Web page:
Clearly, the hip and the muscles surrounding the hip play an important role in movement. It can be unclear how to train this area (do I focus on hip internal rotation or external rotation? Do I stretch the hip flexor or instead think about glute activation?) Each person is unique and what works for some might not work for all; however, hopefully we can begin to examine ways to move the body and integrate the hip in a balanced way. It is important to first bring awareness to the area and see if the hips are balanced, or if any asymmetries exist. An easy way to check this is to lie down on your back and begin noticing the weight of the pelvis on floor. As you begin thinking about this area, ask yourself if the weight of the pelvis on the floor feels even or if it feels unbalanced. If it feels unbalanced, ask yourself which side feels heavier against the floor. (If you have a difficult time identifying the contact of the pelvis with the floor, I strongly encourage you to work on some breathing exercises and learn how to engage your core using your breath. It is possible that by simply focusing on the sensation of your exhale, you will begin to feel a stronger sense of weight of the pelvis). If your pelvis feels like it isn’t quite balanced, chances are this asymmetry will be present during movement. Consider that your muscles are designed to work in a specific manner depending on their length-tension relationships. If you have a pelvic asymmetry, muscles on one side of the pelvis will be in a different position than the muscles on the other side of the pelvis. Unless you begin to correct the imbalance, your muscles will be working differently on the two sides. Now that you have assessed your pelvic position in a supine position, sit down on a bench or chair with your feet flat on the ground. Glance down at your feet. How did you naturally sit? Is one foot slightly in front of the other, or are your feet even? If your feet aren’t even, can you pull the hip of the foot that is forward back a touch to even out the feet? Now, notice the contact of your sitting bones on the bench. Are they both rooted evenly, or is one in better contact than the other? If you can’t find or feel either sitting bone, I highly recommend some breathing work with an emphasis on core integration (you might begin to notice a theme). If you feel one better than the other, can you begin to root the sitting bone that you can’t feel and then relax back to what feels “normal?” Do this a few times and relax. See if there is a difference. Now, come into a standing position. Once you are in a position that feels comfortable for you, glance down at your feet and see if they are even. If they aren’t, can you move the foot back that is forward with your hip? Now, take your hands on your hips and look down and see if one finger appears to be slightly forward or higher than the other, or if they look balanced. Observe the contact of your feet with the floor. Are your feet balanced on the floor, or are you standing more in your heels or toes? Where is your weight more loaded? Is it more on your left foot or your right, or is it even? Find balance. What happens when you spread your toes and lift your arch? Do your feel any activity in your hips? If you have a high arch, what happens when you engage the center of the foot and press the arch towards the floor? Do you feel any activity in your hips?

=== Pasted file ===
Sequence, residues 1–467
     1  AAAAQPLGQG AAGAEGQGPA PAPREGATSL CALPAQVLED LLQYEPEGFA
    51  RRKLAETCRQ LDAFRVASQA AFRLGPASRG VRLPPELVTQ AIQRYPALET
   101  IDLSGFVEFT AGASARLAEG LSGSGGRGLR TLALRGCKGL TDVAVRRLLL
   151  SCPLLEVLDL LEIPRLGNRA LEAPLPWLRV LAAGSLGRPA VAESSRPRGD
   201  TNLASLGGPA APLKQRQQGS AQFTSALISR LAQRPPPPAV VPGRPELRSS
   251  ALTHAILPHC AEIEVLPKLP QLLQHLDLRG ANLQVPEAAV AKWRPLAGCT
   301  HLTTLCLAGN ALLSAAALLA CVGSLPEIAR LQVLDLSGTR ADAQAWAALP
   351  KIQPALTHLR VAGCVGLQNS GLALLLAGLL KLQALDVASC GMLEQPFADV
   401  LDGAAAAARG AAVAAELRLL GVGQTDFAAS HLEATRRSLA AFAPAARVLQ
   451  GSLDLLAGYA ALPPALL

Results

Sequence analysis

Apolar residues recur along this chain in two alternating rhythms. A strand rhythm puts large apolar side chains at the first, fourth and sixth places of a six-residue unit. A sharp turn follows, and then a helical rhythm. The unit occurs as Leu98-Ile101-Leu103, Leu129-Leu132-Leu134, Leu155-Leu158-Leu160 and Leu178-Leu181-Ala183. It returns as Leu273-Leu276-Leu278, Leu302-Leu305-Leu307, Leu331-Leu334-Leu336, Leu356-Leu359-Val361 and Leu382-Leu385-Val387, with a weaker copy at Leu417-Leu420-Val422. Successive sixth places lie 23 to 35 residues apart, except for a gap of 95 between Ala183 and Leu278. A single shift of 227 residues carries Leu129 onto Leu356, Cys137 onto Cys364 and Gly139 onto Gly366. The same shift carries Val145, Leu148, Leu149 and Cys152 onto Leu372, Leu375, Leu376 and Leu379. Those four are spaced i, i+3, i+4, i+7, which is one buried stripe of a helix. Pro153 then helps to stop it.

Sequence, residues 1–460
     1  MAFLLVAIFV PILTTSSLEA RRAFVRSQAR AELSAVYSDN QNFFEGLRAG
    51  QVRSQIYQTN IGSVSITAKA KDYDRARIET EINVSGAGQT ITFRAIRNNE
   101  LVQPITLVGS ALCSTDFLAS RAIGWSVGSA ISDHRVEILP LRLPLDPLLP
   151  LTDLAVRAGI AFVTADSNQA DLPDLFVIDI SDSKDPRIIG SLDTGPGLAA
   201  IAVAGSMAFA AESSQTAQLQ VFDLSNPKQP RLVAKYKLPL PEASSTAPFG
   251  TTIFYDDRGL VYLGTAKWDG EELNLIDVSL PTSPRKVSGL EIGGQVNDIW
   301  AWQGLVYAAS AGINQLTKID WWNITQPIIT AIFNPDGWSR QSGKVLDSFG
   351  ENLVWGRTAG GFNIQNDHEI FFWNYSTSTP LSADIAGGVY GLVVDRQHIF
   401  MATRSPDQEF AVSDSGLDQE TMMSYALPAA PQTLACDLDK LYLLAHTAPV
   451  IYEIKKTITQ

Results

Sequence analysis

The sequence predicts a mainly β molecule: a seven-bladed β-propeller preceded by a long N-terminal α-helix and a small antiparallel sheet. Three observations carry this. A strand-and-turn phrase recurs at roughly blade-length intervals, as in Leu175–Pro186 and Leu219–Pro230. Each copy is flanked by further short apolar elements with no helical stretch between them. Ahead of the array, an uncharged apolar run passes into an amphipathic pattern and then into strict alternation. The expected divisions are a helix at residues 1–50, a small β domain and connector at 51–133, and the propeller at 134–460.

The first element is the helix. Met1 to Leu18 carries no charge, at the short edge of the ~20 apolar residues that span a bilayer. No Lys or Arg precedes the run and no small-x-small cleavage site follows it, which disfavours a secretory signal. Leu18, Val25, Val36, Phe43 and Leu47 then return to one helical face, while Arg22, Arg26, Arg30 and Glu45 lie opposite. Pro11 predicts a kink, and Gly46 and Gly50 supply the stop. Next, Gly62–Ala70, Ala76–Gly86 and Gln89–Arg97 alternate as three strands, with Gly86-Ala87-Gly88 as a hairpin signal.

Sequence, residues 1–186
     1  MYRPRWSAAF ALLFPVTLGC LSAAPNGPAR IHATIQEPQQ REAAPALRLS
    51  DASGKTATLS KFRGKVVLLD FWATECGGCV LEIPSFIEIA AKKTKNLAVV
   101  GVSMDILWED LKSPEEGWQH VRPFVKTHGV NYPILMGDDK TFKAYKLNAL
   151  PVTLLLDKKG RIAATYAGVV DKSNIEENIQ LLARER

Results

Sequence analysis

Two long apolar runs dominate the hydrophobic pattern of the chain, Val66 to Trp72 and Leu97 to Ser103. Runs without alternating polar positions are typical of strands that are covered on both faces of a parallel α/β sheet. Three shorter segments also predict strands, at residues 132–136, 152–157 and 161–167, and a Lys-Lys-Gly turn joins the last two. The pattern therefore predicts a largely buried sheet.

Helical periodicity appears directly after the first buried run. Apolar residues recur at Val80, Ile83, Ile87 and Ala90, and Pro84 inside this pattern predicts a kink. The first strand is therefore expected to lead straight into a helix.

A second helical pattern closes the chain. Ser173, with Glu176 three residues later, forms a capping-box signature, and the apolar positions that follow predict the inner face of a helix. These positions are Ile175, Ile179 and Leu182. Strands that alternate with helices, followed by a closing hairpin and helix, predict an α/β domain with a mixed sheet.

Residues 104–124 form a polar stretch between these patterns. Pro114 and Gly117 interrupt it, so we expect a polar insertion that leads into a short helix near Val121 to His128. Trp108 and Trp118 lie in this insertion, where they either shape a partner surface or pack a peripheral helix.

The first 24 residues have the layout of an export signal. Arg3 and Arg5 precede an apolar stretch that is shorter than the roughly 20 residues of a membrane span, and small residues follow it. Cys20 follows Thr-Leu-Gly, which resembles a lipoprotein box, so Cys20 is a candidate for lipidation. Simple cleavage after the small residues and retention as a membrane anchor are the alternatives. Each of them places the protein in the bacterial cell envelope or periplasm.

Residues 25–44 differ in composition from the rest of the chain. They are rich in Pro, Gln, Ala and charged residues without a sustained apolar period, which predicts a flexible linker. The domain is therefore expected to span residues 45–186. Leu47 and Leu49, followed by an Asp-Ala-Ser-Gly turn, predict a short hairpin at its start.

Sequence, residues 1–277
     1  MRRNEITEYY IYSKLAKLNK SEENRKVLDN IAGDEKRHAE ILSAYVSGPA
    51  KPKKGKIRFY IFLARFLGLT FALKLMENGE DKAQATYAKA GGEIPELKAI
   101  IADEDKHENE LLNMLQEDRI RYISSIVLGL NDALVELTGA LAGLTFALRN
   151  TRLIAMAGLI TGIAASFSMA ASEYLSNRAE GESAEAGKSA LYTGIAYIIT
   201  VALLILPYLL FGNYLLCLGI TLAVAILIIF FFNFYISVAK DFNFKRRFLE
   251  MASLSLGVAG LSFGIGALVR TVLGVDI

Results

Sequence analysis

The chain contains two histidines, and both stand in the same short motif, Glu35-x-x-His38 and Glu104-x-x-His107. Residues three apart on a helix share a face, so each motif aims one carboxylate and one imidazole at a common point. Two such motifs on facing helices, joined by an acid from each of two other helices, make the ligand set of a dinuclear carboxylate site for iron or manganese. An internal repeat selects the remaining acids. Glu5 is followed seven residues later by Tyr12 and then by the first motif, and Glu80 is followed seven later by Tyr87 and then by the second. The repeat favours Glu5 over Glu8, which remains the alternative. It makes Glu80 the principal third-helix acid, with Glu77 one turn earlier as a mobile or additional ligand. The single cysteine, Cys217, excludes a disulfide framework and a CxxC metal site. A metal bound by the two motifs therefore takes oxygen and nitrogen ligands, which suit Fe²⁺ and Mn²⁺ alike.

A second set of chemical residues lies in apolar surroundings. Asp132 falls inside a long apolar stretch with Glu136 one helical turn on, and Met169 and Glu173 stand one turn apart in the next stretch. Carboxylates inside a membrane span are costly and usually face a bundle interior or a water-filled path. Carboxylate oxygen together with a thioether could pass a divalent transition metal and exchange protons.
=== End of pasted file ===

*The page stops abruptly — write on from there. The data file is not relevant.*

Before training the hips, it is important to understand there can be imbalances and asymmetries in our pelvis. This influences how we perform movements and which muscles are activated during movement. Bringing awareness to the area is often the first step in recognizing asymmetries that might exist. Asymmetries also affect the body’s ability to move in an efficient manner. Part II will focus more on actually training the hips and integrating the movement with the rest of the body.

Nam, D., Osabahr, D.C., Choi, D., Ranwat, A.S., Kelly, B.T., & Coleman, S.H., (2011). Defining the origins of the iliofemoral ischiofemoral, and pubofemoral ligaments of the hip capsuloligamentous complex utilizing computer navigation. HSS Journa, 7(3), 239-243.
Barker, P.J., Hapuarachchu, K.S., Ross, J.A., Sambaiew, S., Ranger, T.A., & Briggs, C.A., (2014). Anatomy and biomechanics of gluteus maximus and the thoracolumbar fascia at the sacroiliac joint. Clinical Anatomy, 27(2), pp. 234-240.
Valent, A., Frizziero, A., Bressan, S., Zanella, E., Giannotti, S., & Masiero, S., (2012). Insertional tendinopathy of the adductors and rectus abdominis in athletes: a review. Muscles, Ligaments and Tendons Journal, 2(2), 142-148.
Penning, L., (2000). Psoas muscle and lumbar spine stability: a concept uniting existing controversies. Critical review and hypothesis. European Spine Journal, 9(6), 577-585.
Sajko, S., & Stuber, K., (2009). Psoas Major: a case report and review of its anatomy, biomechanics, and clinical implication. Journal of Canadian Chiropractic Association, 53(4), 311-318.
Byrd, J.W.T., (2007). Evaluation of the hip: history and physical examination. North American Journal of Sports Physical Therapy 2(4), 231-240.